One virtual space that my classes have used in the past is Edmodo.¬† We’ll use this secure, safe education tool to create an invitation-only, password-protected Kriese 7th ELA “room” where we can talk about our books (and other stories).¬† Parents will be invited, too :- )

Students are likely familiar with Edmodo via science classes in earlier grade levels.¬† I’m excited to use this tool again in English class.

Let’s get the conversations started!

 

 

Image credit:  Elements of Literature. Digital image. The-teachers-lounge.com. McDonald Publishing, n.d. Web. 17 Apr. 2014.

What Are You Reading Now?

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At the beginning of class last Tuesday, students were asked to summarize what was currently happening in the books that they were reading.¬† They typed their answers into a Google form, with reminders to incorporate the sentence variety and conventions we’ve been working on in class.¬† I’m especially happy to see the use of appositives in the responses!

Most importantly, I’m happy with the level of engagement I’m seeing with most students and their books.¬† Spending time in the library and in silent reading has given me insight into students’ reading lives.¬† I’m learning who¬†is familiar with¬†which authors, who reads reluctantly and who reads willingly, and who throws up big roadblocks to reading…and perhaps why.¬† Several students and I are now working on finding books that will get them interested again after many, many months of not reading any book at all (true confessions have been one of the benefits of this return to library visits and reading time).¬†

Some of the many intriguing plot summaries from last week:

Ben on Perfect Season by Tim Green:

“A new kid, Chuku, has just moved in and is a potential star wide receiver. He met Troy, the main character one day at the Jets facility and Troy was impressed. Since Troy has to attend a poor school because his dad ran away with all of his money, he tried to “recruit” Chuku to attend and he did. So now, with a hall of fame player, Seth Halloway, as their coach, they are looking forward to a perfect season.”

Jane on Size 21 Is Not Fat by Meg Cabot:

“Heather Wells, a college dorm monitor, has been hearing strange screams going down the elevator shaft and she has been finding¬†people dead at the bottom. She knows these types of people wouldn’t elevator surf¬† (jump from elevator cars to the next) so she calls the police, and of course they don’t believe her and no one else does either. She starts to investigate and finds the president of the colleges son as a suspect.”

Joseph on Gregor and the Code of Claw by Suzanne Collins:

“Gregor is getting ready to go on a hunt to find the Bane — the biggest baddest rat in the Underland — and kill it. Gregor knows that he has to do this even though the prophecy calls for his death. Him and Ripred, a rat that is on the humans side, are going to do whatever they can to kill the Bane and let Gregor keep his life, but it will be very hard.”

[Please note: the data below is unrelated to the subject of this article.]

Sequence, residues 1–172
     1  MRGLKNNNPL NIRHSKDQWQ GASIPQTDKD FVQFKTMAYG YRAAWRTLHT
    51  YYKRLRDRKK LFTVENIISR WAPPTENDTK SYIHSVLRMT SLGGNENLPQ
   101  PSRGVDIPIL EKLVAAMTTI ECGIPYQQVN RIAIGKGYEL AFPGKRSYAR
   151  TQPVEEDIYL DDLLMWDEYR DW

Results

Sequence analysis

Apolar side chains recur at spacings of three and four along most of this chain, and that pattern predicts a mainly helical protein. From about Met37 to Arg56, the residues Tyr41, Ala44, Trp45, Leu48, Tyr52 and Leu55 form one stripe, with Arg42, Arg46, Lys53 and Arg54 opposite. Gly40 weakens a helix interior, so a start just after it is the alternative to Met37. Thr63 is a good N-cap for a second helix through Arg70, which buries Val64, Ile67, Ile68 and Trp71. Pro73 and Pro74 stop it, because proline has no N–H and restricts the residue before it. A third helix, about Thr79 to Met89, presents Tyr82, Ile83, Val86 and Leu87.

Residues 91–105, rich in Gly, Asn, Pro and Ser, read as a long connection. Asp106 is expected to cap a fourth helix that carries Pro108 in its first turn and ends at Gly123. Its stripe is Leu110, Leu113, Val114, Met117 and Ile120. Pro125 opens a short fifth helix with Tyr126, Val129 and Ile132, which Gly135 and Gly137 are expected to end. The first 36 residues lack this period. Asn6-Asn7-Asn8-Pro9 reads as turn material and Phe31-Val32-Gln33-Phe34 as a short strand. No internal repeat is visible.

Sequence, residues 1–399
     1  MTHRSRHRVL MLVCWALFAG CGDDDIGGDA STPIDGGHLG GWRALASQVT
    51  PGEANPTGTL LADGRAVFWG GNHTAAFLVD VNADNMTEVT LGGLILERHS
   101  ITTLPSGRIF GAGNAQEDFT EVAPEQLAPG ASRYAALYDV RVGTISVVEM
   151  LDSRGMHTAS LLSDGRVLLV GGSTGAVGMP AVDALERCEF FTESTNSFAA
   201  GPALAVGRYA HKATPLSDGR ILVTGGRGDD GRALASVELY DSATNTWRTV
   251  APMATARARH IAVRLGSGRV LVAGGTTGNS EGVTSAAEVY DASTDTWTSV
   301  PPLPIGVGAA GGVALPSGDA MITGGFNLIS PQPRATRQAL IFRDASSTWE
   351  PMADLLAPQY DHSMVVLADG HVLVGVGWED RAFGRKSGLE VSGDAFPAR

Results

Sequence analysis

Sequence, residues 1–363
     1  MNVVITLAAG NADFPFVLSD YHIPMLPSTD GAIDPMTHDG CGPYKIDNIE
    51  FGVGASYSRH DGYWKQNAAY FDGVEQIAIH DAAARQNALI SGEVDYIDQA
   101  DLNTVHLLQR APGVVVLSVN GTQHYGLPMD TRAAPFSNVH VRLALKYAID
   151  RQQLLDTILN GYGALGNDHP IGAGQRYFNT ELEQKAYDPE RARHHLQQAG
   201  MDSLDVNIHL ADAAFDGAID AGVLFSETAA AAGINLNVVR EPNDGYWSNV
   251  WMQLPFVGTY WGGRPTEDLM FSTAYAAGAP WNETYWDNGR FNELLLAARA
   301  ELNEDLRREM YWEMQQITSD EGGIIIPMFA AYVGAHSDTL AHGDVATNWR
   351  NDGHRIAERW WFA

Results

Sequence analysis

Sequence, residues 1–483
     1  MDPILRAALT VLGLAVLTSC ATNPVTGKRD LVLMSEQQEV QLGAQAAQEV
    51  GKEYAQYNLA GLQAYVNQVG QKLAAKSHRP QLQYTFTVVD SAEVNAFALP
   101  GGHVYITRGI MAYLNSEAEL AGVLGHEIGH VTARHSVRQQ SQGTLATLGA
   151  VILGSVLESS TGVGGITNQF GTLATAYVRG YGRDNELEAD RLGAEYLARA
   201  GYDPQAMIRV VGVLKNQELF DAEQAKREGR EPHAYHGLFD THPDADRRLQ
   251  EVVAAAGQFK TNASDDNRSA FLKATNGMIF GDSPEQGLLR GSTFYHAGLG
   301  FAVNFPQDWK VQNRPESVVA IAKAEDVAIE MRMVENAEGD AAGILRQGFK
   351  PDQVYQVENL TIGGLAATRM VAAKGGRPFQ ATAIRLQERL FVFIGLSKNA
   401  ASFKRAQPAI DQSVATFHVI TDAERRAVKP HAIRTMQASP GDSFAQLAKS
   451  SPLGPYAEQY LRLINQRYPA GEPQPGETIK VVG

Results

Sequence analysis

Francesca on The Cupcake Queen by Heather Hepler:

“The main character, Penny, just arrived at a new school in Hog’s Hollow. She and her mother baked cupcakes for a party and they have just arrived to set up the party room. An embarrassing accident happens and the birthday girl, Charity, now hates Penny. She then ‘welcomes’ Penny to her new school with a locker full of pennies.”

Kevin on The Fourth Stall, Part II by Chris Rylander:

“Earlier in the book, the protagonist Mac and his best friend Vince, along with a few other assistants, conducted a mass cheating operation for the SMARTS test, the book world’s equivalent of STAAR, where they corrected every answer. Unfortunately, everyone failed the test, despite the corrections. As the punishment for a failure on this scale results in the school being closed down, Mac and Vince must find out who is trying to take the school down. If they can’t–it’s the end of the world.”

Dahlia on The Chase by Janet Evanovich:

“FBI agent Kate O’Hare was captured by Carter Grove’s elite private security agency called Black Rhino. Nicholas Fox, her partner and international con-man and thief, is caught, and even though her bosses know what she’s doing, she’s on her own. Kate successfully talks her way out of the tricky situation, finds Nick Fox, and heads back to the states, finds Carter Grove in possession of stolen paintings, and arrests him, with help of a rag-tag crew and her dad, ex-Navy Seal, Jake O’Hare.”

Sam W. on Hothead by Cal Ripken, Jr:

“The main character, Connor, has a big baseball game coming up against his biggest rival, Billy Burrell and the Red Sox. Connor runs into Billy at school, where Billy starts to threaten Connor about ‘accidentally’ hitting him during the game. Connor then watches as he walks off and walks right into a locker door, sneding Connor home laughing. Connor then finds the tires on his bike slashed with some jagged glass, which only could have been done by the one and only….. Billy Burrell!”

What are you reading now?¬† What’s happening in your book?